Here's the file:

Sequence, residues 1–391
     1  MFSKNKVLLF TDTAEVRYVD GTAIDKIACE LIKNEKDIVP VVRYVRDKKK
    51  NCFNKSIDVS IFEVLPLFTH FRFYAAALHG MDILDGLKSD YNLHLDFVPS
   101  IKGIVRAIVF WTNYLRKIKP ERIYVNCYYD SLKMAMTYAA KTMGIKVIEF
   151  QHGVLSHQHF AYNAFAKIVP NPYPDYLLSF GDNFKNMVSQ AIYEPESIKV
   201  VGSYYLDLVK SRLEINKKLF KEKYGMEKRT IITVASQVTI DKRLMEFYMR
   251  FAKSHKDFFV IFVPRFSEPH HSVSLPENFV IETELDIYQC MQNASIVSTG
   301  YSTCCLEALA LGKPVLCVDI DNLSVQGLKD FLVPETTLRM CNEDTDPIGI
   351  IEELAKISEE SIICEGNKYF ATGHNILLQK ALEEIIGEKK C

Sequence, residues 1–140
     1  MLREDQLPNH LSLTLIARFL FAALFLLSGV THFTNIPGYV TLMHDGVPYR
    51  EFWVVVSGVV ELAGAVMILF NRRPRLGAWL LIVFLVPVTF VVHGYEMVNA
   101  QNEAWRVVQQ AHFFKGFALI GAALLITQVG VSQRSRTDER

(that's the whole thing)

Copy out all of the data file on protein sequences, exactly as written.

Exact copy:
Sequence, residues 1–391
     1  MFSKNKVLLF TDTAEVRYVD GTAIDKIACE LIKNEKDIVP VVRYVRDKKK
    51  NCFNKSIDVS IFEVLPLFTH FRFYAAALHG MDILDGLKSD YNLHLDFVPS
   101  IKGIVRAIVF WTNYLRKIKP ERIYVNCYYD SLKMAMTYAA KTMGIKVIEF
   151  QHGVLSHQHF AYNAFAKIVP NPYPDYLLSF GDNFKNMVSQ AIYEPESIKV
   201  VGSYYLDLVK SRLEINKKLF KEKYGMEKRT IITVASQVTI DKRLMEFYMR
   251  FAKSHKDFFV IFVPRFSEPH HSVSLPENFV IETELDIYQC MQNASIVSTG
   301  YSTCCLEALA LGKPVLCVDI DNLSVQGLKD FLVPETTLRM CNEDTDPIGI
   351  IEELAKISEE SIICEGNKYF ATGHNILLQK ALEEIIGEKK C

Sequence, residues 1–140
     1  MLREDQLPNH LSLTLIARFL FAALFLLSGV THFTNIPGYV TLMHDGVPYR
    51  EFWVVVSGVV ELAGAVMILF NRRPRLGAWL LIVFLVPVTF VVHGYEMVNA
   101  QNEAWRVVQQ AHFFKGFALI GAALLITQVG VSQRSRTDER